Hi lovely readers,
Happy October! The month of Halloween, and Hacktoberfest is here once again! I’ve been participating this year, like many others, in helping out in Open Source for Hacktoberfest. Open Source is a very hot topic, especially in October. I wanted to give some extra support and happiness with a blog post for beginners.
It took me quite some time to get used to the git CLI when I started out. Even after 3+ years of coding, I don’t think the CLI and its definitions are all that great. I know I’m not the only one thinking that, many people have a hard time learning how to use git.
Luckily there’s a desktop application that can make it easier for you. It’s called GitHub Desktop. You can do almost everything with it, and it's a great replacement until you feel comfortable learning about the command line version. In this blog post, I will show you how you can create pull requests with GitHub Desktop so you can get your Pull Requests merged for Hacktoberfest.
You need to know the following terms to understand this tutorial:
- Pull Request
You also need to have GitHub Desktop already installed. You can download it from this website. Go through the setup and login with your GitHub account when you launch it for the first time.
1. Fork the repository
If you want to work on an issue from a repository that isn’t yours, you need to fork it. You have to do this from GitHub itself by clicking the ‘Fork’ button in the right-top corner of the page of the repository.
Once you’ve decided on a name for your new forked repository, GitHub will automatically link you to this new repository.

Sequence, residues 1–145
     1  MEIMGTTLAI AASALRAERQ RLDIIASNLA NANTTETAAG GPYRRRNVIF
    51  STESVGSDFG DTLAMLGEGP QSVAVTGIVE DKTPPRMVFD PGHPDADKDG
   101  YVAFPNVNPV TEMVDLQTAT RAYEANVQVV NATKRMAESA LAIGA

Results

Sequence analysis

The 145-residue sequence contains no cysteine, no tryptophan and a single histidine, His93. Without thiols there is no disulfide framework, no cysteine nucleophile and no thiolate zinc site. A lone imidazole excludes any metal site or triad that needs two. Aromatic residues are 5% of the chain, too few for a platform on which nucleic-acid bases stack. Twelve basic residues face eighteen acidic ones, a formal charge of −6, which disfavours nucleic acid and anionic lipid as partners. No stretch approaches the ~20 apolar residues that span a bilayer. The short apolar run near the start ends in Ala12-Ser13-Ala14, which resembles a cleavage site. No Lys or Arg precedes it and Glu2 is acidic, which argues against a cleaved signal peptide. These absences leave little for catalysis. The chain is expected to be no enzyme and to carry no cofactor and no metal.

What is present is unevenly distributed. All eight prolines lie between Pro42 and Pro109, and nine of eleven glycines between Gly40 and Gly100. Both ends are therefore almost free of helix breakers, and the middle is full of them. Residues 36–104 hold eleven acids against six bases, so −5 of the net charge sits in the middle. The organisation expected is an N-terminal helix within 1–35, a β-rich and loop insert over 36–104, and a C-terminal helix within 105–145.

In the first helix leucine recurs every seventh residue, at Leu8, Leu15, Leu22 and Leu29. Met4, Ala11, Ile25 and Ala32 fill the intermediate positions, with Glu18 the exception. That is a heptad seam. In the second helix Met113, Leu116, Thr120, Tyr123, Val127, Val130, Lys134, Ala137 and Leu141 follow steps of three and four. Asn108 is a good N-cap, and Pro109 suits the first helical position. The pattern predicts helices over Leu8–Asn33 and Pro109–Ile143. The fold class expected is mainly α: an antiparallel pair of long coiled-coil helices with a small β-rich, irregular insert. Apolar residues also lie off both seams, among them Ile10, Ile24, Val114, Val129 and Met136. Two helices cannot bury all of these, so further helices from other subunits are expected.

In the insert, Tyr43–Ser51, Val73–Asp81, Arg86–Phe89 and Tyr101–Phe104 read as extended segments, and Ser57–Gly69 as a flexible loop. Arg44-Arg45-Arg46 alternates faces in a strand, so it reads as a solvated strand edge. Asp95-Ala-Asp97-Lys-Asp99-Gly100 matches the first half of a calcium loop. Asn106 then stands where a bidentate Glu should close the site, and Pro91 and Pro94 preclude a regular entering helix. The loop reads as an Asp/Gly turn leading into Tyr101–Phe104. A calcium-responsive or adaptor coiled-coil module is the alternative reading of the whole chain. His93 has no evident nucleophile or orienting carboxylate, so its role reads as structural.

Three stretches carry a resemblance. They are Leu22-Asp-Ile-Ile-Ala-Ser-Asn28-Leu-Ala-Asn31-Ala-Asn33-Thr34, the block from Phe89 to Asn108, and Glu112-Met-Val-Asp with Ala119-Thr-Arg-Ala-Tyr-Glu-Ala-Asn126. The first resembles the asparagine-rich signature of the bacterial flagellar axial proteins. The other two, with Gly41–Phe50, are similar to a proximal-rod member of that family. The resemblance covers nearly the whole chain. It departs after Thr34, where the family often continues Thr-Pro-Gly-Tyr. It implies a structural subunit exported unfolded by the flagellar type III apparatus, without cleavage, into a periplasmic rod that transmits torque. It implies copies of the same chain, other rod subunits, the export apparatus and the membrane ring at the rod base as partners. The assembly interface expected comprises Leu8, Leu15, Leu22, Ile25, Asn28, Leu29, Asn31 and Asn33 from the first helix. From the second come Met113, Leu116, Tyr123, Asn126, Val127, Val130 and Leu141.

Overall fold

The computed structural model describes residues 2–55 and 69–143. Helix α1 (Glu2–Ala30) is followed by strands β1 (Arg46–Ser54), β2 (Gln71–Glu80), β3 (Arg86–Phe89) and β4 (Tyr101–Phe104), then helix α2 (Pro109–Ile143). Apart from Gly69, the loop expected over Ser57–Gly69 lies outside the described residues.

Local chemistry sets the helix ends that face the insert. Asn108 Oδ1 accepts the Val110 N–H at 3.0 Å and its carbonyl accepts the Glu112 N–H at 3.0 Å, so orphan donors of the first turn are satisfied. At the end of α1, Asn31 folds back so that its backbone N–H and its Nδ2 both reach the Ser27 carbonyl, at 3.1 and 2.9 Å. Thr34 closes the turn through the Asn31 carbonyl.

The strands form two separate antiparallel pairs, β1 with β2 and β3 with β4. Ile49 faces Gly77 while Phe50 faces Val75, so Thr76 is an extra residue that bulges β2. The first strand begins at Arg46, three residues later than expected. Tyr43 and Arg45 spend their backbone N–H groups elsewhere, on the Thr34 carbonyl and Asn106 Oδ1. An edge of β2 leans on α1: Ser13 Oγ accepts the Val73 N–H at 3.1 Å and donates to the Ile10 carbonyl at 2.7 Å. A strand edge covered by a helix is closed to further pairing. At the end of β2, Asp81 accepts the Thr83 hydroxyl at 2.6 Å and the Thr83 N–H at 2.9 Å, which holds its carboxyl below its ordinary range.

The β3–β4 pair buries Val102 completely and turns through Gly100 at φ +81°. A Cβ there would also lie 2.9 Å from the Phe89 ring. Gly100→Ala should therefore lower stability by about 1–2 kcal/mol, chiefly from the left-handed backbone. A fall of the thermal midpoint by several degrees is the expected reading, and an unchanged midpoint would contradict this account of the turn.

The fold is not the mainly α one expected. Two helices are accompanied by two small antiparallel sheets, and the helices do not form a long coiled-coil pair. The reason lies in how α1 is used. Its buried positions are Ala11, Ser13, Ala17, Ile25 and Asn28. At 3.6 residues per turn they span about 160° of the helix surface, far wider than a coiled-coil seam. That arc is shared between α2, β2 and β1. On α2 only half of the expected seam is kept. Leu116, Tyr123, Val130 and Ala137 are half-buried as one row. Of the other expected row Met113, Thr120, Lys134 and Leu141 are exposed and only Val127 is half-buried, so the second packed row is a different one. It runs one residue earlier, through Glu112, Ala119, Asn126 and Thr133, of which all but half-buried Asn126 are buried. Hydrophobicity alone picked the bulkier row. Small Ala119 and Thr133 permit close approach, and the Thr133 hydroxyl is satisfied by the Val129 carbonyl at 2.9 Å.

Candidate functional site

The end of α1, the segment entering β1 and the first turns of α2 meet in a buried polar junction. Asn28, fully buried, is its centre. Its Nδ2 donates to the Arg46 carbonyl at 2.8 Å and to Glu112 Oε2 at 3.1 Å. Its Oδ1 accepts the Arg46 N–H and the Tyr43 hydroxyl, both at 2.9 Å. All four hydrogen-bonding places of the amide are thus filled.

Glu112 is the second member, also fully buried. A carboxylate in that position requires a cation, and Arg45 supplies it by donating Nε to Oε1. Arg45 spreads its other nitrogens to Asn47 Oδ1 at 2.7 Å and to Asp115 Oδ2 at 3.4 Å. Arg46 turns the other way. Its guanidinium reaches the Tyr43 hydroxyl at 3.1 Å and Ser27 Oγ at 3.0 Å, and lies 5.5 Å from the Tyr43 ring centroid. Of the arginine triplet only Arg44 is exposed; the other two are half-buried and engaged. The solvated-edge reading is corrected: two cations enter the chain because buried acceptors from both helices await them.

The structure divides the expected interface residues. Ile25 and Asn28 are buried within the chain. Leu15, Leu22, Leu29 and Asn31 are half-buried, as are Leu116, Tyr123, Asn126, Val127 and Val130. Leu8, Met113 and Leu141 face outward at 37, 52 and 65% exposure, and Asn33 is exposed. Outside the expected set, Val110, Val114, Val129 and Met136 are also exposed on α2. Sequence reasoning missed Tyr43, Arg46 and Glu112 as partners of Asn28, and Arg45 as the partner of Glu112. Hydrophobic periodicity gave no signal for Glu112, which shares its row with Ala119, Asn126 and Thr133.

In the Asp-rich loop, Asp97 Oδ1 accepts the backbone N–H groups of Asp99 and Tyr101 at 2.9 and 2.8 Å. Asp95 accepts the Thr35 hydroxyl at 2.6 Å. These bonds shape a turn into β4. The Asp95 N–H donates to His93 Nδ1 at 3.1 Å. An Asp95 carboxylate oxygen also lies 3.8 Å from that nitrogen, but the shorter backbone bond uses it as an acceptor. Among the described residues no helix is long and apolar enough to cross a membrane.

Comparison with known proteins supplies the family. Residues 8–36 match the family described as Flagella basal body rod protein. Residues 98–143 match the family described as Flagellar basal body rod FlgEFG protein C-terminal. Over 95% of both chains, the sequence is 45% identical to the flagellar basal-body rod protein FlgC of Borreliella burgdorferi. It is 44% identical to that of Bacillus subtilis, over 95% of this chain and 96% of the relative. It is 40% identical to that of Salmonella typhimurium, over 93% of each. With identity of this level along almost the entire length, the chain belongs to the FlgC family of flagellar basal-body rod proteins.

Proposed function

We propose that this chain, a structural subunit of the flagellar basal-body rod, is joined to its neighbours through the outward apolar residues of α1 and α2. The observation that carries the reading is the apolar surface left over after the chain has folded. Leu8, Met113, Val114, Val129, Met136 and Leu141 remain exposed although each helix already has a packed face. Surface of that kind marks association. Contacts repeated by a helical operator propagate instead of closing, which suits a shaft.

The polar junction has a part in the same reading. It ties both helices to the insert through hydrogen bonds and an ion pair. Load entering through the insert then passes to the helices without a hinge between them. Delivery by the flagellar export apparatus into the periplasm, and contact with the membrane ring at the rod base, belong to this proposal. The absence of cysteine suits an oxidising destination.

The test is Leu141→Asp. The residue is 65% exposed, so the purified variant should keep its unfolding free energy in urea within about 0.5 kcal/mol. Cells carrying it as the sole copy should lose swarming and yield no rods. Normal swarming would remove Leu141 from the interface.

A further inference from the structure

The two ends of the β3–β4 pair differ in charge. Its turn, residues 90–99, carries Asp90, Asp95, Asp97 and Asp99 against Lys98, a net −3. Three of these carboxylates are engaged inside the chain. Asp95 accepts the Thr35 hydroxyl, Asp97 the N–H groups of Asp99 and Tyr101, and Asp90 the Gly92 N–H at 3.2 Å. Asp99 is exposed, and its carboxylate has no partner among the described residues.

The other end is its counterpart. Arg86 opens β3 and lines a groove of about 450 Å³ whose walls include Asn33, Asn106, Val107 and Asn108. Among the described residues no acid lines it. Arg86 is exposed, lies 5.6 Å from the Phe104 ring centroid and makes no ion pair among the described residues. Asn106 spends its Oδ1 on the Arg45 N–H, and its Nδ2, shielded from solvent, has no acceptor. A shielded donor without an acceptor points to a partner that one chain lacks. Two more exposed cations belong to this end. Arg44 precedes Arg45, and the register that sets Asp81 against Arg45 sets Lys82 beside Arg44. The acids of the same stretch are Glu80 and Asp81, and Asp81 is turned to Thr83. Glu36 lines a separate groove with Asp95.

2. Clone the repository
Copy the URL of the forked repository (the repository that starts with your own username) that you just created, and open GitHub Desktop.
In the top menu, click on File → Clone repository.
Next, go to the URL tab, put in the URL you copied, and pick a location where you want to store it locally,
Pick the ‘To contribute to parent project’ option
3. Make code changes
Open your cloned repository that’s saved somewhere on your PC in your IDE, and make the changes that you want to make. If everything goes as it should, the changed file(s) should show up on the ‘changed files’ sidebar.
4. Make a new branch
A lot of maintainers don’t like it if you work directly on the main branch, because of possible bugs or code errors. So before we commit our changes, we have to make a new branch.
Click on Branch → New Branch and decide on a name
What your branch should be called depends on the repository, always check the (contribution) README before deciding on it. If I can pick myself I always like to start with the number of the issue that has been assigned to me and the topic of what I did.
For example: #2-update readme for 2022.
It will ask you if you want to switch branch, pick the ‘Bring my changes to’ option.
5. Commit & Publish changes
Now we are going to commit the changes locally. Give it a well-fitting title. Once again, look at the contribution READMEs to see if there is a certain template you have to follow.
Put in a title and description in the left-bottom corner and click on the commit button.
Now it will ask you if you want to publish the new branch to GitHub. Of course, we want to show our changes! Thus we click on ‘Publish branch’.
6. Create a Pull Request
And finally, we can create a pull request. The ‘Publish Branch’ section got replaced with ‘Create a Pull Request’. Click on the ’Create Pull Request’ button, and it will send you back to the GitHub page of your newly created PR.
Alter the title and description if needed and click on ‘Create Pull Request’.
Congratulations, you just created a Pull Request with GitHub desktop. I hope this will help you get your Hacktoberfest Pull Requests merged, and of course, keep doing Open Source contributions after October.
Do you want to try this yourself? Eddiehub has a great repository you can use for testing this for Hacktoberfest. Happy hacking!